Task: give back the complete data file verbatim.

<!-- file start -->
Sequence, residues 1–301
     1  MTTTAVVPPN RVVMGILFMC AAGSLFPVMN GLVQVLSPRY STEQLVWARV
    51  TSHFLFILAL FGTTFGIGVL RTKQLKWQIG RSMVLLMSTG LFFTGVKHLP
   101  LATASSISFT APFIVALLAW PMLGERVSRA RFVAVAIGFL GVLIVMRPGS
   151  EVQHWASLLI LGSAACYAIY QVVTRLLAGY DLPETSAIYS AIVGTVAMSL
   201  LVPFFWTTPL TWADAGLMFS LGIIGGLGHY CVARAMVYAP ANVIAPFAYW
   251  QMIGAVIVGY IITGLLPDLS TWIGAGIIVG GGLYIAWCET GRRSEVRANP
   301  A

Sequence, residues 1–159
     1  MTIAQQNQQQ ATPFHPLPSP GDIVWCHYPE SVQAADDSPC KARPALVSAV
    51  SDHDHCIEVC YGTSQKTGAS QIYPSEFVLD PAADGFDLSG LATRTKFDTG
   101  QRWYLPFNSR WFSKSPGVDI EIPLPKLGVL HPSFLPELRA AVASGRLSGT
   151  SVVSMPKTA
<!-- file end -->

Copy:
Sequence, residues 1–301
     1  MTTTAVVPPN RVVMGILFMC AAGSLFPVMN GLVQVLSPRY STEQLVWARV
    51  TSHFLFILAL FGTTFGIGVL RTKQLKWQIG RSMVLLMSTG LFFTGVKHLP
   101  LATASSISFT APFIVALLAW PMLGERVSRA RFVAVAIGFL GVLIVMRPGS
   151  EVQHWASLLI LGSAACYAIY QVVTRLLAGY DLPETSAIYS AIVGTVAMSL
   201  LVPFFWTTPL TWADAGLMFS LGIIGGLGHY CVARAMVYAP ANVIAPFAYW
   251  QMIGAVIVGY IITGLLPDLS TWIGAGIIVG GGLYIAWCET GRRSEVRANP
   301  A

Sequence, residues 1–159
     1  MTIAQQNQQQ ATPFHPLPSP GDIVWCHYPE SVQAADDSPC KARPALVSAV
    51  SDHDHCIEVC YGTSQKTGAS QIYPSEFVLD PAADGFDLSG LATRTKFDTG
   101  QRWYLPFNSR WFSKSPGVDI EIPLPKLGVL HPSFLPELRA AVASGRLSGT
   151  SVVSMPKTA